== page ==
We picked up our staples – eggs from Sunshine Organic, onions and carrots from Green Valley Farms, tomatoes and bell peppers from Gull Valley Greenhouses, and a bag of greens from Greens, Eggs and Ham.

Picking up onions from Green Valley Farms

We had also reserved two of the Greens, Eggs and Ham turkey bombs – turkey breasts stuffed with cranberry orange bread stuffing – for whatever reason, I thought they would be small enough to be served as individual portions, but we found that one would be more than enough for the two of us! As we were a part of their Community Supported Agriculture program this year, we found it so convenient to shop with them, as our “deposit” got us through the market season and then some. Of course, it was great to know that our money helped Mary Ellen and Andres expand some of their operations.

Turkey bombs

This past weekend, the winter chill was definitely in the air, the streets lined with leaves that weren’t yet ready to fall.

Last market day

As expected, the produce pickings were slim, with most of the vegetable vendors absent already. Mack and I made the most of our visit and loaded up on hearty cabbage, potatoes, carrots and onions, and some broccoli and kale for good measure. We also swung by Irvings Farm Fresh for some ground pork for the freezer stash.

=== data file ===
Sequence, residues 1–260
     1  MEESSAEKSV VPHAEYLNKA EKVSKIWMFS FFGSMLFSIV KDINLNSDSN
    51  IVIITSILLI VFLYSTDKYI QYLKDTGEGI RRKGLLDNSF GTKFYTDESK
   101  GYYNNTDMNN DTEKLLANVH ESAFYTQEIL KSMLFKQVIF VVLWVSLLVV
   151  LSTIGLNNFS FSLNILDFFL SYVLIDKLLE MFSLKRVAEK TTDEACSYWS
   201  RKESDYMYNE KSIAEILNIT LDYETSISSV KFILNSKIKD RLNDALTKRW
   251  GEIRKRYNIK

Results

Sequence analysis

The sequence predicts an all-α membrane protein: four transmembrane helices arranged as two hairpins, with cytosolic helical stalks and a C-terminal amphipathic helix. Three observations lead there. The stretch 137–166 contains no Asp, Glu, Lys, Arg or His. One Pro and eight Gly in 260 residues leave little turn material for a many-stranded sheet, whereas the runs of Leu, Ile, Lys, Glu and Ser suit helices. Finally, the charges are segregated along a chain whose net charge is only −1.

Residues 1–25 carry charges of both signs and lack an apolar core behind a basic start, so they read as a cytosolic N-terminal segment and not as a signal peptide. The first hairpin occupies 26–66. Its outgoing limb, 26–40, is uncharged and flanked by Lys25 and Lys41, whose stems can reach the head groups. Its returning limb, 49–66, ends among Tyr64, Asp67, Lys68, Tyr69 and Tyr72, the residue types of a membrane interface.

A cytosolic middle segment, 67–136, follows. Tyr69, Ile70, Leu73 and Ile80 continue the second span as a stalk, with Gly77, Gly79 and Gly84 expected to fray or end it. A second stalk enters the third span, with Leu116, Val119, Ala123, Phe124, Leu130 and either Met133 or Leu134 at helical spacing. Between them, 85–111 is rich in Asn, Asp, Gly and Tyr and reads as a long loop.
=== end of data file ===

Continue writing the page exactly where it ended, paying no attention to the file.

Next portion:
Sundog Organic’s veggies were in their van!

Kohlrabi

Green tomatoes, anyone?

Mack and I consciously shifted most of our grocery spending to the market this summer, and made it a point to integrate a visit to the market into our weekends. But because I’m not one of those cooks who can buy random ingredients and make a dish out of them, it did require some meal planning. And while I wish I was a little more experimental with our recipes (kale was about as far out of our comfort zone as I got), I’m certain that it will only get better from here.

Though I know that I treat the City Centre Market like the be all-end all of local farmers’ markets, I recognize that other markets will continue where 104th Street left off.

I will stop by the winter markets from time to time, but there’s just nothing like having a market within walking distance of your home. Until next year, City Centre Market.

Ringing in the City Centre Market!

A few weeks ago, I was invited by the City Centre Market to ring the opening bell to kick off the July 25 market. I had drawn their attention primarily because of the scavenger hunt I recently put together on behalf of Slow Food Edmonton, but also because of my efforts in promoting the local food scene. I was honoured to have been asked, and happily accepted.